TOP PHOTO: Front cover of the Robot Unibersal ni Rossum (R.U.R.)— illustrations by John Sherwin Acampado, book design by Ryan Cuatrona
In an era defined by fast-moving digital transformations and technological innovations, little did everyone know that hundred years ago, a Czech playwright named Karel Čapek had a prophetic vision of a sub-human life capable of performing the work of the world “ROBOT.”
To commemorate this centennial anniversary, the Czech Embassy in Manila in cooperation with Ateneo de Naga University Press is issuing the translation of “R.U.R.” drama by Karel Čapek in Filipino, where the world “Robot” was used for the first time.
The word “Robot” was first used in Čapek’s play Rossumovi Universal ni Roboti (Rossum’s Universal Robots),popularly known for its acronym R.U.R. It was staged for the first time at the Czech National Theatre on Jan. 25, 1921 and has since been translated and performed in more than 30 countries.
While Čapek was credited to be the first person to have used the term, it was his brother Josef, a cubist painter, who had come up with the term which came from the Slavic word ‘Robota’ that means “serfdom” or “forced labor” and perfectly encompasses the play.
Karel Čapek who was an emerging literary star in Czechoslovakia at the time of writing of the play used the term “Robot” to describe the “artificial workers” and “living and intelligent working machines.”
This three-act drama skillfully portrayed the potential vicious influence of technology in the society where modernity is controlled not by ideas and values, but self-confident and ruthless intellect and greed.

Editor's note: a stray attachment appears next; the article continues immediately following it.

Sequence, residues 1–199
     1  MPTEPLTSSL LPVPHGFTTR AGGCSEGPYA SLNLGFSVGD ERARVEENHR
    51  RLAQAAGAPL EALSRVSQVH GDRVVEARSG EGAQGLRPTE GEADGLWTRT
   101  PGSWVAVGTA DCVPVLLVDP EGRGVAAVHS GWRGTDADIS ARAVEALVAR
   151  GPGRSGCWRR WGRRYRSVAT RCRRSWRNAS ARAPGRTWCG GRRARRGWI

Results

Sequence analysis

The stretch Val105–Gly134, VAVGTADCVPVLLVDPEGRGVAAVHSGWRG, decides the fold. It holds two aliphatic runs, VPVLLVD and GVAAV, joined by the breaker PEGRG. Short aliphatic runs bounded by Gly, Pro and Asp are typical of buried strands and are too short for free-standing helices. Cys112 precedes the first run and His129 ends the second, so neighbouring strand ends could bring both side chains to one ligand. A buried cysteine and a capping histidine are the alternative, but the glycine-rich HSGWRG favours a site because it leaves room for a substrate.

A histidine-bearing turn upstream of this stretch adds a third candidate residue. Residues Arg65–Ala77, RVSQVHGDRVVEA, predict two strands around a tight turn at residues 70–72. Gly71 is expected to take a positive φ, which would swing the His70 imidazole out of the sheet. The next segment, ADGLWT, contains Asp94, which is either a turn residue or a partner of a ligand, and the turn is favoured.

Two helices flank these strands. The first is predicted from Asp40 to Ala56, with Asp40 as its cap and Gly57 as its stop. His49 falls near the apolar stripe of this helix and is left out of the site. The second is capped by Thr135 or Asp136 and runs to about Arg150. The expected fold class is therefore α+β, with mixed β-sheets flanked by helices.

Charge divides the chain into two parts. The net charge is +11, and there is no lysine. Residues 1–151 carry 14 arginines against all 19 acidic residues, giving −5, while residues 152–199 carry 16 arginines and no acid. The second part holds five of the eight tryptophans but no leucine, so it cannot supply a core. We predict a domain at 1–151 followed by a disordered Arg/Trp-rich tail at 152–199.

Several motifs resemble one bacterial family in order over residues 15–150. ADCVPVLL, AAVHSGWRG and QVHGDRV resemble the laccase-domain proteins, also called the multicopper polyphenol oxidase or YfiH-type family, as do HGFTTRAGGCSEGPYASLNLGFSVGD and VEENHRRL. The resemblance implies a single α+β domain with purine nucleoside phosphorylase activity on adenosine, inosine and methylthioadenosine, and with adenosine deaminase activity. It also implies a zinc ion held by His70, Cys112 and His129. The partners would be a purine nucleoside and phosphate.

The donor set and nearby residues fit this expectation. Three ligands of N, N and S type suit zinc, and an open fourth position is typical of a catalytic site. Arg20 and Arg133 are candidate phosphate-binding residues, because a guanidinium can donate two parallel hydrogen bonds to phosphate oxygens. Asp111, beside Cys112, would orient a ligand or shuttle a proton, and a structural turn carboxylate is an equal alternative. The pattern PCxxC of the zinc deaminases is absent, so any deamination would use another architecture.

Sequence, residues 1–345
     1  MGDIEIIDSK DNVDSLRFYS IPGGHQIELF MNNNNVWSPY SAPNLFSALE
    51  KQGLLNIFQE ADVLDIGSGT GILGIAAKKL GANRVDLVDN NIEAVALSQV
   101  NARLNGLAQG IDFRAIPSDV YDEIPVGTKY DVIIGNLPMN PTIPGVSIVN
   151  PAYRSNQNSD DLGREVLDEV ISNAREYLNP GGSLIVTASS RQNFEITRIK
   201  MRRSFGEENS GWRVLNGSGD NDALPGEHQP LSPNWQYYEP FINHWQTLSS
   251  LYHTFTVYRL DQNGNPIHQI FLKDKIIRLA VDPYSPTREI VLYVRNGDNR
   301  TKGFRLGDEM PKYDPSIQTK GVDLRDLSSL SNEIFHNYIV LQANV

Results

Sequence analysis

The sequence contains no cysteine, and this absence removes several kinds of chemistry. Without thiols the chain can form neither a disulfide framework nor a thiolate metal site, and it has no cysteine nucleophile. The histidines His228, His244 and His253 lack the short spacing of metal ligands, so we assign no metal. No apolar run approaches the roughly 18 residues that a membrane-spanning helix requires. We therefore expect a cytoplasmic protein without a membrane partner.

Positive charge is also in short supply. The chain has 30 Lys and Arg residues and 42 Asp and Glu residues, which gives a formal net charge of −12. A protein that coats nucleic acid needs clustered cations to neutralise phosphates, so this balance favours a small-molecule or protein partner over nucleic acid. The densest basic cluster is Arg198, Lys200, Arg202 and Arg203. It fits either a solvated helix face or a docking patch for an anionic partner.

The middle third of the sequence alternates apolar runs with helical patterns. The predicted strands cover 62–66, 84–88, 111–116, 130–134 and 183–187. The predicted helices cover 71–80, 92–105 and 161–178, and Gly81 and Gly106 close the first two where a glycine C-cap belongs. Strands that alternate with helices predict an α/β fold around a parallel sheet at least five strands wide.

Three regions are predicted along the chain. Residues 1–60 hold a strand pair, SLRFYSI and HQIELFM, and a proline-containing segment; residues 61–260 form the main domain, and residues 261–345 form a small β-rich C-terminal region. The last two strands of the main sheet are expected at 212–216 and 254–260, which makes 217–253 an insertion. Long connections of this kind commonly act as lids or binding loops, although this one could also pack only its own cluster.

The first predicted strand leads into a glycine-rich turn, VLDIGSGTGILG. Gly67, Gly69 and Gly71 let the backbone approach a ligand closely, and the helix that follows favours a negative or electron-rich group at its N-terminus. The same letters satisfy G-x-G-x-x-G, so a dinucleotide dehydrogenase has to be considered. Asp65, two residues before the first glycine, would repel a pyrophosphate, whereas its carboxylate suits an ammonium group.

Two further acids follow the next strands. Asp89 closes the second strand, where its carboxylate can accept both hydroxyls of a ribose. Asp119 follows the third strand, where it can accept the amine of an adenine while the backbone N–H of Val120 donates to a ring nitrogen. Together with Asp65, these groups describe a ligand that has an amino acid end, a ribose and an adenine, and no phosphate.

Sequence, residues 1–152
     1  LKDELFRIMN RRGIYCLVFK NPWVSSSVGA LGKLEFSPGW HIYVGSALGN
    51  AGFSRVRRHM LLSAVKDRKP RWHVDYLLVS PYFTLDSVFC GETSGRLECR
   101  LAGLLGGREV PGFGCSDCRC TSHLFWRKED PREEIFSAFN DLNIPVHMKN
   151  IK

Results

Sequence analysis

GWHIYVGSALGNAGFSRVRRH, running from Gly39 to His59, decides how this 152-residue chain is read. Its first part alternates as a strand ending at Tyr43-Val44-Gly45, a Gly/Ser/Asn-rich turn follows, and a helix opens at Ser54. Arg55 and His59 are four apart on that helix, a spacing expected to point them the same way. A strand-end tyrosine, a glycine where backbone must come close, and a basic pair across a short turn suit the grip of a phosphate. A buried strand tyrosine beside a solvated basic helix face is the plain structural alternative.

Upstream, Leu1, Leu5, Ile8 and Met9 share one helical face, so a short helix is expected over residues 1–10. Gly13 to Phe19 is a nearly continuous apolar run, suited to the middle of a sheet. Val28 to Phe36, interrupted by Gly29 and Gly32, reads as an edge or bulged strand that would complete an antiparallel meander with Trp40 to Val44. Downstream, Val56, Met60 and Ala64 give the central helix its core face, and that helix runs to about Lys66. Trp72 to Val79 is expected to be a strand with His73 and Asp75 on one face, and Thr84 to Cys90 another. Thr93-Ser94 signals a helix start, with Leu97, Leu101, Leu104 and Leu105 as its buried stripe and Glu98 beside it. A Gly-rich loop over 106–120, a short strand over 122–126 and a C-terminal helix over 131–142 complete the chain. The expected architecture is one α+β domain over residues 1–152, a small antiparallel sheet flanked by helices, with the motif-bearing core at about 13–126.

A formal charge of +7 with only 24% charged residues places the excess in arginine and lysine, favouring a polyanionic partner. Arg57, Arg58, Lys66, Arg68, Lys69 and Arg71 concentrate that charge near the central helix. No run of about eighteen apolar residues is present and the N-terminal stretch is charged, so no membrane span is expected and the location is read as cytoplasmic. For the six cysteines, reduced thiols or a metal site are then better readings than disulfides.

As the word “Robot,” birthed through the creative process of delivering a satirical take on the influence of technology in modern society, celebrates its centennial anniversary, the essence of the play is proven to be more relevant today at the age of the Fourth Industrial Revolution.
To mark this centennial celebration, the Embassy of the Czech Republic in Manila in partnership with Ateneo de Naga University Press published the Filipino translation of R.U.R., translated by the late Filipino novelist, playwright, and short story writer, Rogelio Sicat.
The book will belaunched virtually on May 1, 2021 via Facebook Live of the Ateneo de Naga University Press. The book designed by Ryan Cuatrona also contains illustrations by John Sherwin Acampado.
“It is our aim and passion at the Czech Embassy in Manila to promote the usage of mother tongue in the Philippines and to introduce masterpieces of Czech language in local languages. R.U.R. by Karel Čapek is a real jewelry of Czech classical literature and I am pleased that Filipino readers can now read this extraordinary book in Filipino. I am also grateful to our continuous friendship with Ateneo de Naga University Press who had been a strong partner of the Embassy in promoting cultural exchange,” said Czech Ambassador Jana Šedivá.
“The new RUR project undertaken by the Embassy of Czech Republic and the Ateneo de Naga University Press is living proof of our mutual trust between these two institutions whose love for arts and literature remain our driving force to continue with this cultural diplomacy now even made stronger with the leadership of Ambassador Jana Sediva. This translation of Karel Capek by one of the country’s topmost Filipino writer, Rogelio Sicat is a welcome addition to the growing titles we have that is borne out of this friendship,” said Kristian Cordero, Deputy Director of Ateneo de Naga University Press.
Literature played an important role in the cultural relations of the Czech Republic and the Republic the Philippines where there had been a rich growth of exchange, translation, and publication of both Czech and Filipino literatures over the past years. Among the previously published books with Ateneo de Naga University Press are Patid: Mga Kontemporaneong Kwento ng mga Czech at Slovak na Manunulat, and Malikmata: Mga Kuwentong Kababalaghan Mula Czech Republic. Limited copies of the books are sold at Savage Mind Bookshop in Naga City, Camarines Sur.